I’m  a new teacher. I have anxiety. It’s hard to convince myself that I am worthy of the districts I’m applying to. It’s hard to convince myself that the reason my 100s of applications are returning no calls is that everyone else that applied had more seniority than me (highly likely, at this point). The amount of dead air I’ve encountered in response to my job searches, I’m sure, is enough to cripple a normal person, but a person who doubts every single word they say? Crushing.

I often tell myself I got lucky again when I pick up another small contract. I need to remind myself that I’m likely getting them now because I am becoming more skilled and more recognized and valued by the schools I am working for. My anxiety leads me to constantly think the worst about myself – to constantly assume that I am not worthy.

Lack of structure…

One of the things I find toughest to deal with as a person with anxiety is a lack of structure. This comes with unemployment. It’s also provided by the long breaks that I have in my profession as a teacher.

Now, I’m definitely not complaining about the (remember, unpaid) time we get off at holidays and in the summer. However, I often find that during those periods of my life, my anxiety is at its peak. I grow listless and depressed, and become increasingly anxious about not accomplishing anything, which then paralyzes me even more. I definitely feel the need to take on big artistic projects in the summer especially. These could be redesigning the layout and decor of my apartment, creating a scrapbook, or undertaking a photography project. I then create a day schedule in which I work toward project completion for at least a certain number of hours each day. I also dedicate day parts to relaxation, reflection, cleaning, and exercise.

Unclear schedules…

Sometimes more difficult are the days I don’t get a callout in the evening or early morning. This doesn’t mean that I am off for the day – callout is open until 1:30 pm. I could spend my morning assuming I’ve got the day off, only to have the phone ring at 1pm for the afternoon. Sometimes, I’m settling into the couch with a book at 8:30, and I get a call demanding I brave the worst of the morning’s traffic to be at a school for 9. On these days, it’s impossible to have a schedule. First, they are unexpected days off. I generally don’t have an anxiety-calming schedule created for a day when I expect to be working. However, they are also not necessarily days off, so I have to structure my time such that I can grab food and run out the door at a moment’s notice.

The dog’s breakfast…

There is also a lack of structure in the career development process for young teachers. We often get what is known as the “dog’s breakfast,” if we can even snatch that. Anything is better than being on call! In that first contract I took, I had 5 preps – French 7, French 8, French 9, English 8, and Social Studies 8. The normal maximum for any sane person is 4, preferably 3. This past year, I covered a paternity leave and had 5 again – French 8, French 9, French 10, French 11, and FRAL 8.

And negative amounts of security.

All of this with no clear “end” in sight. The “end” for me means having a full-time continuing contract. This equals working every day for the same district, receiving health benefits, and having the right to take leave (maternity or otherwise). My current school district requires 2 consecutive years of full-time contract work plus an extra contract before they award you continuing. To make matters worse, if a teacher goes 6 months plus 1 day between any contracts, all previously accumulated seniority disappears. For example, my current contract extends until June 30. That means that I have until December 30 to get another contract, or I lose the 1.5 years of seniority I now have. That’ would have been 75% of the way to a continuing contract. It’s a terrifying, paralyzing space to live in every day of my existence.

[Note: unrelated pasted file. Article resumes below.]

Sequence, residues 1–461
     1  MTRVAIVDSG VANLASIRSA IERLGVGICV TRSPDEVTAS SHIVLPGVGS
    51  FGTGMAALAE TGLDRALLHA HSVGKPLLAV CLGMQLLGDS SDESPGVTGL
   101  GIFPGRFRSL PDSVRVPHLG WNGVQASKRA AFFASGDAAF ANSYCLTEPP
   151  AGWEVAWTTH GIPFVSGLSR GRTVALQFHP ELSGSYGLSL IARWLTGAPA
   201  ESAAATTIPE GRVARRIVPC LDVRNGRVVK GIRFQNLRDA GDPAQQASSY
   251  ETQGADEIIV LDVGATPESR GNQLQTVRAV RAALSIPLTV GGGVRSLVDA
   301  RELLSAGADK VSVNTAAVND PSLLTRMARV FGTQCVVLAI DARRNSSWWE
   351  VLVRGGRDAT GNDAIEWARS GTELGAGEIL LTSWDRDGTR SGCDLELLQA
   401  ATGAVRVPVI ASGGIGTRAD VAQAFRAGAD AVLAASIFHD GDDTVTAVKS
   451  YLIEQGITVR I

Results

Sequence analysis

We’re losing such great people

I speak what I know. This is what I know about an increasingly difficult teaching market: it continually loses bright stars due to the difficulty of finding a secure job. A very small percentage of the wonderful people I met throughout the Education program are working in schools. Many did end up in educational positions that are unrelated to the private or public K-12 systems. However, many others work retail or administrative jobs or went back to school to do something else.

This is not just my problem, not just teachers’ problem

I am confident that my situation is not unique. Nor is it to unique to the teaching profession. My peers across the country, and the world, face very similar struggles. Small wonder that even more people do not deal with anxiety or other mental health disorders than already do.

But what can I do?!

I wish I could propose a solution, but I don’t really see one. The only thing that really helps to settle my anxiety is to work toward the fulfillment of my values, regardless of how I earn money. I think that to feel fulfilled in our lives, we need to do a few simple things:

  • do something for work that we enjoy
  • live life according to our values, in the greatest capacity of which we are capable
  • work hard
  • be creative
  • collaborate
  • ask for help
  • reflect
  • love ourselves
  • breathe

The rest is positivity and hoping for the best! This list is gets me through the worst of times and the best of times. Add a bit of luck, which often comes from that  positive perspective, and hopefully, you’ll find your days are more fulfilling than not.

Peace and love,